Reading Between the Lines

I’m currently reading a dissertation as part of a reading committee. While I don’t want to reveal too much (there’s a lot of good stuff in here, and it’s not my work to release), I will share one point that has me thinking. In the author’s analysis of why the internet is conducive for fostering intimacy, she notes that even in the “lean nature of a brief electronic note,” much can be said. In other words, we can read a lot into what is there, and feel the connection between another.

While I think this can be true, I also believe something else can happen: we can read a “lean” message and OVER-interpret its meaning. After all, sometimes a brief message is just that — and there is no deeper meaning behind the words. I can see youth falling victim to something along these lines when getting a note from a crush or potential friend — maybe because when I was young, I was vulnerable to this. I could dwell on the smallest little interaction, searching for the meaning behind it while the person in question had long since forgotten it: after all, there was no meaning to be had. I have since seen this tendency when I was a sexpert/relationship advice person for teens. One of the most common questions I would get from youth all over the country was simply this: “does (s)he like me?” Of course, there was always a story to accompany the question, that went something along the lines of:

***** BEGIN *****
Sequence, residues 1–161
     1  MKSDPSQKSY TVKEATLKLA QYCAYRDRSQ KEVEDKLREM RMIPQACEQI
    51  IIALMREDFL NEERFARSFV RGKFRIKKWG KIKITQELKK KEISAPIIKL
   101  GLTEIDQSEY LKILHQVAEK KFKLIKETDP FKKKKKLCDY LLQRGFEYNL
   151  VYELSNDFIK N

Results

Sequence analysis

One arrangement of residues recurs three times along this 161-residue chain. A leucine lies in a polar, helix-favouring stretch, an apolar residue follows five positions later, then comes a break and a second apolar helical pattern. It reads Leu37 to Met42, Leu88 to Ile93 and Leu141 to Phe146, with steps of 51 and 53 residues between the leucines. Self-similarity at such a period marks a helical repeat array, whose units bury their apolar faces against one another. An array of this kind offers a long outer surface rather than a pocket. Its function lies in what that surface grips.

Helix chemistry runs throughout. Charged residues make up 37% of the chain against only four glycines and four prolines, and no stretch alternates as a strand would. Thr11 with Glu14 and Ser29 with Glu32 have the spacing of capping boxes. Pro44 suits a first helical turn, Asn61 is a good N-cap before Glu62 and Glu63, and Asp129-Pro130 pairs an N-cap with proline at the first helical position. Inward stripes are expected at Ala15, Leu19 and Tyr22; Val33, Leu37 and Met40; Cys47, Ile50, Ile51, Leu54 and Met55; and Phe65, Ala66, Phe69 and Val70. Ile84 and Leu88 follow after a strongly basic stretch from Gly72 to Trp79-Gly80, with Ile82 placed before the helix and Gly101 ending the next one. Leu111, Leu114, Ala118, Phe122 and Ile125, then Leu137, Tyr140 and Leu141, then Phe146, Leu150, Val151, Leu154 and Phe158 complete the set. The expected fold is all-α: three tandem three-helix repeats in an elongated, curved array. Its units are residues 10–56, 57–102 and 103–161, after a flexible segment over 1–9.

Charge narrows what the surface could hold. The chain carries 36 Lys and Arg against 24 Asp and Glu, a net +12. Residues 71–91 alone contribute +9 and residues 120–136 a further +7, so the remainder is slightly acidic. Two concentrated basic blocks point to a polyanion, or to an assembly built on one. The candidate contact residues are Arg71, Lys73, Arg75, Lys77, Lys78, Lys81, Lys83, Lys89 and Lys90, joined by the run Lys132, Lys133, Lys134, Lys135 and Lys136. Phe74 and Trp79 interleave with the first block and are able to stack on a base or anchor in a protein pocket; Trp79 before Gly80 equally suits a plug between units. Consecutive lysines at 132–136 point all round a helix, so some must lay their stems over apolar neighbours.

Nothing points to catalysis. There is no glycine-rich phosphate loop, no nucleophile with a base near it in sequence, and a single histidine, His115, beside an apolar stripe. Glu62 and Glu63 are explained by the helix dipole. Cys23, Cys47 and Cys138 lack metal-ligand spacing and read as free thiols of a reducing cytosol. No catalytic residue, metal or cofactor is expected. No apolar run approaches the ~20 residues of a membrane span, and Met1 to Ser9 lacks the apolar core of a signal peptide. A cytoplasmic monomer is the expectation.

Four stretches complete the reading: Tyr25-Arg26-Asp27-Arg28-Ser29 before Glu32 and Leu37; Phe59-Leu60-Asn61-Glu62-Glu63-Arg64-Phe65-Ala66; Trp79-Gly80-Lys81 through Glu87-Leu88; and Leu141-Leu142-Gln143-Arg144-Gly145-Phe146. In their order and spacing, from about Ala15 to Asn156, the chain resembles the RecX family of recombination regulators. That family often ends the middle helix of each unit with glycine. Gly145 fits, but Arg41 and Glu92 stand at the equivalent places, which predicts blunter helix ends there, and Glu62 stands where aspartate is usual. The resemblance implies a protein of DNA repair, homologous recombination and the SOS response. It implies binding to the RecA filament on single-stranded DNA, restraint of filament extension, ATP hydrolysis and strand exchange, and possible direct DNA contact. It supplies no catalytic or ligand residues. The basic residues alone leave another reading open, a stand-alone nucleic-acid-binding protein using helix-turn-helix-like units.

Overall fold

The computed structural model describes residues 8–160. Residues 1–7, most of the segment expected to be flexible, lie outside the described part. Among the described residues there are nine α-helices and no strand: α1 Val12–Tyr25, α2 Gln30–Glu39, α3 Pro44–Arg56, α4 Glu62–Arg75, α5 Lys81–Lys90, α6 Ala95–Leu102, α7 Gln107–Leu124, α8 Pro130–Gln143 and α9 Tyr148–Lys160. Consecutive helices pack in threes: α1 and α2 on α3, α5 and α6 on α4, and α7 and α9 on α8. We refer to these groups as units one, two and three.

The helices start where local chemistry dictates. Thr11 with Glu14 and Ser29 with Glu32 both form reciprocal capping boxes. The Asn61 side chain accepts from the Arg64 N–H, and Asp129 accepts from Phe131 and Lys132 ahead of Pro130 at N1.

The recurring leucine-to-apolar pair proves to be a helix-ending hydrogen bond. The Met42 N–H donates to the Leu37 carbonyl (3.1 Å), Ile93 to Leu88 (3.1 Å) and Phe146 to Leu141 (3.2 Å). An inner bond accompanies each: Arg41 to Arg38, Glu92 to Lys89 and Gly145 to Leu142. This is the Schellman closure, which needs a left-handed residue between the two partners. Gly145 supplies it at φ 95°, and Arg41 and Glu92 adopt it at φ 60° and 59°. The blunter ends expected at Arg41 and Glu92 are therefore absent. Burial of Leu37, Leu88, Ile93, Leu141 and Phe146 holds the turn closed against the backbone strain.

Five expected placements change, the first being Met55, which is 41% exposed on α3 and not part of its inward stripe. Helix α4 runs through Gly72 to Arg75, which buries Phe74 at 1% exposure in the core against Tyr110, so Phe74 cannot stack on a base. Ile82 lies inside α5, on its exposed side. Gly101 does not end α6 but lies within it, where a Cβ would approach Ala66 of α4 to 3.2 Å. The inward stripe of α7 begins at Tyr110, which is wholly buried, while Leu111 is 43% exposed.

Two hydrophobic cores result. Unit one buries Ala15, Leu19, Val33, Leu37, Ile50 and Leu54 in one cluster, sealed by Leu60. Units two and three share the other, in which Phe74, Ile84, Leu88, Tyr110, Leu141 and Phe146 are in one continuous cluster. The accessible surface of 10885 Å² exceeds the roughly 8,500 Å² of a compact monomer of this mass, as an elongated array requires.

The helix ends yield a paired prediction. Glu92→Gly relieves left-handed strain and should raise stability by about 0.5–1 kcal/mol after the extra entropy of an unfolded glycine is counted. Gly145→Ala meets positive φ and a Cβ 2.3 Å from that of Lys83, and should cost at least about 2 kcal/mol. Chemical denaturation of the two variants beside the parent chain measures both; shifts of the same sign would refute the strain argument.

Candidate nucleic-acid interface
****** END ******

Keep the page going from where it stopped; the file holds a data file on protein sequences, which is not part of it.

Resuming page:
“I like this guy and I want to know if he likes me. Today, at our lockers, I dropped my book and he picked it up for me and smiled. I thanked him and he said he would see me later. Then, in math class, I think I thought him looking at me. I think about him all the time. Just yesterday he even sort of waved at me in the hall! What do you think? Should I ask him out?”

This was in the early stages of the internet (1998-2000) and IM was alive and kicking, but not in full swing. I can’t imagine the context I would have gotten along with these questions if there was extensive IM conversations involved. I simple 🙂 would turn into “he likes me;” a long conversation online might turn into a meaningful time together, when it was simply something to do while working on a homework assignment or talking to nine other people that night. Or, it could indeed be the start of a new love. We simply don’t know. When is lean, lean and when is it packed with inneundo and implication? And can we really ever tell without, well asking and as a result taking away the brevity? I’m not sure if we can, but I do believe it’s another layer we need to better understand if we are to appreciate how online communication shapes love and relationships.

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One thought on “Reading Between the Lines

  1. I like this post:) I think that reading between the lines, whether online or offline, is essential in communication. It is the non-verbal communication between the lines that speaks most to our intuition on the depth, quality, and kind of connection we are making with others. Even when the lean is just that, very lean, that may be the message to be extracted.

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